Pretoria – Residents in Eersterust are on high alert after an attempted kidnapping of a 55-year-old woman.
Rozelle Copper said she was on her way home from a spaza shop at about 6.35pm. “I tried to cross the road from the shop on Frank Adams Street and noticed a white car slowly approaching from Steenkamp Avenue. So I waited for the car to pass so I could cross the road,” she recalled.
But having lingered long enough for Cooper to suspect a red flag, the white car passed but suddenly reversed. “The two guys gave me the scariest and lustful look I’ve ever seen,” she said.
After a brief moment, she decided to run back to the shop.
“I screamed at the top of my lungs, until one of the boys at the shop came and assisted me. Other residents came out of their houses,” she said.
The vehicle, which had one passenger, sped down Saint Joseph Street when its occupants saw people coming out.
Cooper, who has three grandchildren, said she had been paranoid since then and insisted on taking and fetching her grandchildren to and from school.
Asked why she thought it wasn’t just an attempted mugging, she replied: “Those stares they gave me resemble a kid seeing a present, plus mixed with lust. It might not have been kidnapping, I don’t know, but it definitely was not something good.”
Meanwhile, Ga-Rankuwa police have warned young girls to avoid any free wi-fi hot spot. According to spokesperson Captain Matthews Nkoadi, there were criminals lurking in these spots who forced young girls into their cars and drove away with them.
“They are then raped and left stranded,” he said. “All the victims were targeted at wi-fi hot spots.”
Nkoadi said most of the girls were minors and therefore declined to divulge details of any cases.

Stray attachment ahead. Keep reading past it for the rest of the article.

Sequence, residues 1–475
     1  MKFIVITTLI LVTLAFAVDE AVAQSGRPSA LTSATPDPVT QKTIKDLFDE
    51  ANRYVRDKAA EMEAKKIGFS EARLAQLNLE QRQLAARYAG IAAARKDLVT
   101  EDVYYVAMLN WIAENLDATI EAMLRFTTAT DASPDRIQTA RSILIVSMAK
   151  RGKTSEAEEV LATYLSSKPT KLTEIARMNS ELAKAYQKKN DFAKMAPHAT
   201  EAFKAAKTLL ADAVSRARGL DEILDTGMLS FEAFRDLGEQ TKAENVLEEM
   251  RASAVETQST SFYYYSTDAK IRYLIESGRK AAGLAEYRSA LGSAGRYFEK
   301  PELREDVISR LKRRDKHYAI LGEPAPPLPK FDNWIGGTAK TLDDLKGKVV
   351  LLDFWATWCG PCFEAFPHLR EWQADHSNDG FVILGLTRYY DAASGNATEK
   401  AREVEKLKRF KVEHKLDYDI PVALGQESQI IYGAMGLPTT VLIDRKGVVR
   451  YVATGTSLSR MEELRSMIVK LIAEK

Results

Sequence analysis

“It is for this reason that we are warning parents or community members not to allow children to roam around wi-fi hot spots unmonitored.”
According to Bianca Van Aswegan from Missing Children, it is never too early to teach children about safeguarding themselves against the possibility of kidnapping.
Van Aswegan said parents should also keep an eye on their children’s social media activity.
“Parents need to be more vigilant of their surroundings, especially in public places and of course they always say safety starts at home.
“We need to educate our children from a young age on how to keep themselves safe.”
The police also urged members of the public not to share bogus information about kidnappings.
The comment was sparked by a video that went viral on social media platforms about an alleged kidnapping in Klerksdorp.
“Preliminary investigations conducted after police management in the Dr Kenneth Kaunda District became aware of the video, showed that no such incident was reported in Klerksdorp,” the SAPS said.
North West police commissioner Lieutenant-General Sello Kwena urged the public to verify the legitimacy of crime-related videos and voice notes with the police before forwarding them.